Charleston, WV- mid the frenzy and long hours of the 2005 Legislative Session, the West Virginia Senate took time to welcome and honor a delegation of representatives from the United States Supreme Court Historical Society and the United States Supreme Court Fellows Program. The visit to Charleston was the first by each group and was the result of invitations by State Senator John Yoder ( R- Jefferson).
“I annually attend events in Washington, D.C. at the U.S. Supreme Court. The events are sponsored by the U.S. Supreme Court Historical Society. I felt it would be wonderful to host an event here in Charleston for members of the U.S. Supreme Court Historical Society.” Yoder said.
The West Virginia State Capitol Building and the U.S. Supreme Court Building were both designed by architect Cass Gilbert. Gilbert also designed the worlds first skyscraper, which was the Woolworth Building in New York City.
“Throughout my time here at the Capitol, I have noticed many outstanding and beautiful similarities in the architecture of our State Capitol Building and the U.S. Supreme Court Building, where I used to work.” said Yoder.
Senator Yoder was once a member of the Supreme Court Fellows Program. This program gives exceptionally talented lawyers the chance to serve a one year fellowship at the U.S. Supreme Court. In 1980, Senator Yoder was one of three individuals selected nationwide as a fellow. During his fellowship he worked for Supreme Court Chief Justice Warren Burger. Senator Yoder was then hired as a full time staff member to work for Chief Justice Burger. Senator Yoder remained at this position until he was hired by the U.S. Department of Justice, where he set up a the new asset forfeiture office in 1984.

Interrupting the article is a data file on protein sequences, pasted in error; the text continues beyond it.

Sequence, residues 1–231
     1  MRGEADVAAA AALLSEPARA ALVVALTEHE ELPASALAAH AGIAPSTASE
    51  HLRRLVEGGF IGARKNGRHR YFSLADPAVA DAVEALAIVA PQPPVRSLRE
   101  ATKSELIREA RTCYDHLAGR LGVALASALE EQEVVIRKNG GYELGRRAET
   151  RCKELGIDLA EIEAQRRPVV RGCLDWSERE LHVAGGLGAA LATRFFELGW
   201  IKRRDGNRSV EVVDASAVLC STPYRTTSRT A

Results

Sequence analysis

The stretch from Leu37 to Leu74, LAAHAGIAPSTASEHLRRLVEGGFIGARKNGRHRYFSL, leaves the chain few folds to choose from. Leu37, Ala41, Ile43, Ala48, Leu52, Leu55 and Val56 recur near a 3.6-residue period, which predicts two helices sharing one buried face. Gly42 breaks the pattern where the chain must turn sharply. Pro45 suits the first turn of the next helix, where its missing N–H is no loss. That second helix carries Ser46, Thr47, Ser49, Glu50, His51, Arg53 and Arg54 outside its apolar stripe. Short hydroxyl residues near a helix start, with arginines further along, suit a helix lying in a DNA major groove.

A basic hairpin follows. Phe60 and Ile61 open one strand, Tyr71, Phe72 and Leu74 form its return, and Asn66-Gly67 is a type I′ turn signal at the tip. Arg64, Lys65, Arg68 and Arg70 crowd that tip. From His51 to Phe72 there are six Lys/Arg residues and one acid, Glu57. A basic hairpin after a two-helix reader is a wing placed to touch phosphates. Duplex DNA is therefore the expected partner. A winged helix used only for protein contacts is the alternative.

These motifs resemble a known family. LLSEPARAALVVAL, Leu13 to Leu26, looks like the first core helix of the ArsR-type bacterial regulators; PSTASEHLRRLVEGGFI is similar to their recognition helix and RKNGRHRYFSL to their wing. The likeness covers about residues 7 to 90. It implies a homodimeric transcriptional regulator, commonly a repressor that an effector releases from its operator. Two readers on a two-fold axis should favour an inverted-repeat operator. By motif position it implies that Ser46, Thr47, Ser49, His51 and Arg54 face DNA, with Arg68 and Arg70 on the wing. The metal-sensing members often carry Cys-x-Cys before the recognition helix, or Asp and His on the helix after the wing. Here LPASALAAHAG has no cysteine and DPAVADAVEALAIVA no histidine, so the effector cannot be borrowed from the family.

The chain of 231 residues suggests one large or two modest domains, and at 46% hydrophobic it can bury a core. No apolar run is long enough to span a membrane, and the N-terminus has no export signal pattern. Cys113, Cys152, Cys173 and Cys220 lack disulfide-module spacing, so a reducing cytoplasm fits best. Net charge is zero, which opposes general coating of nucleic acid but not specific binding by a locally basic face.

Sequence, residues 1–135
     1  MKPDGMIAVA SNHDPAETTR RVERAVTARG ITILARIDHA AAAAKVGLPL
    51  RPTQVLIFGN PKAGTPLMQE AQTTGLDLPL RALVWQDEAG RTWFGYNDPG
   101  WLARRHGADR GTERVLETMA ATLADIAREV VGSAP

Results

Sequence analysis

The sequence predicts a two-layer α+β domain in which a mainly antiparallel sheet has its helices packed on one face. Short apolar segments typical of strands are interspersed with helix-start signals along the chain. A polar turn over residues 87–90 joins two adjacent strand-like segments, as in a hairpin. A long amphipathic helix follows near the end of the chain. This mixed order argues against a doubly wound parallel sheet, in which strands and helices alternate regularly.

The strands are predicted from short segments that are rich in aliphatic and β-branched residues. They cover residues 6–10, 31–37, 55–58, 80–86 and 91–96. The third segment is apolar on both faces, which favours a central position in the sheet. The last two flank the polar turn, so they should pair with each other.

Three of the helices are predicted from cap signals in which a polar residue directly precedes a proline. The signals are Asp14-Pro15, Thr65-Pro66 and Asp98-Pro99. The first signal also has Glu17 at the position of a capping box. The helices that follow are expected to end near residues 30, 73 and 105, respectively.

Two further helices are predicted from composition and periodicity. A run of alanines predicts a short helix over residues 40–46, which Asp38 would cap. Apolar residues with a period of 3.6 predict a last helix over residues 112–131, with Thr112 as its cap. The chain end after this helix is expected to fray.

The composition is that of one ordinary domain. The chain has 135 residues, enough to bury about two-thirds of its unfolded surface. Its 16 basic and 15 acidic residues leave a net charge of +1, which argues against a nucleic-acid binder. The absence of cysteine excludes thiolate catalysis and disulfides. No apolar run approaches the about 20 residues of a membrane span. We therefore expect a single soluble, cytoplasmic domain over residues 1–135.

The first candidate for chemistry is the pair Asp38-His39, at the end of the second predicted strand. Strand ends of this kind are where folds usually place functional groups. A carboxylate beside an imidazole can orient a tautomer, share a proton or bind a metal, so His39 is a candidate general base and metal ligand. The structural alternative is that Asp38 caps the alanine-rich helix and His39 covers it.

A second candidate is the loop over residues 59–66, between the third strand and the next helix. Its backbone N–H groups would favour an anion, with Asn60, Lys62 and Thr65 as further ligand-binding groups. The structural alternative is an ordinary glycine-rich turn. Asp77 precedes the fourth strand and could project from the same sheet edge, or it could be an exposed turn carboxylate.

Through his contacts at the U.S. Supreme Court, Senator Yoder had the unique postion of inviting the Supreme Court Historical Society and the Supreme Court Fellows to the West Virginia State Capitol.
“Having been a fellow myself, I wanted the current fellows to have a chance to come and experience our State. I also wanted them to have the opportunity of viewing our Capitol building in Charleston and see another magnificent work by Cass Gilbert. Few people know that the U.S. Supreme Court Building was designed after our own Supreme Court.”
During their stay in Charleston, the Supreme Court Delegation attended a reception at the Robert C. Byrd Federal Courthouse sponsored by the West Virginia State Bar and the law firm of Thorp, Reed & Armstrong, LLP, and had breakfast at the Governor’s mansion, where they met with the Governor and First Lady. The delegation also met with Chief Justice Albright of the West Virginia Supreme Court of Appeals, toured both the West Virginia Supreme Court and the Capitol, where they reviewed historical drawings and artifacts relating to Cass Gilbert’s design of the Capitol. The visit ended with the West Virginia Senate honoring the delegation on the floor of the Senate Chamber and the presentation of a unanimous resolution authored by Senator Yoder.
“I believe the visit was a tremendous success, and I think that because of this success there is a good chance that we will be able to host one of the Supreme Court Historical Society’s Lecture’s next year. It would be a wonderful opportunity to showcase our state and promote tourism.” said Senator Yoder.
Assisting Senator Yoder in coordinating the visit was West Virginia Education and the Arts Cabinet Secretary Kay Goodwin and her assistant Martha Mckee.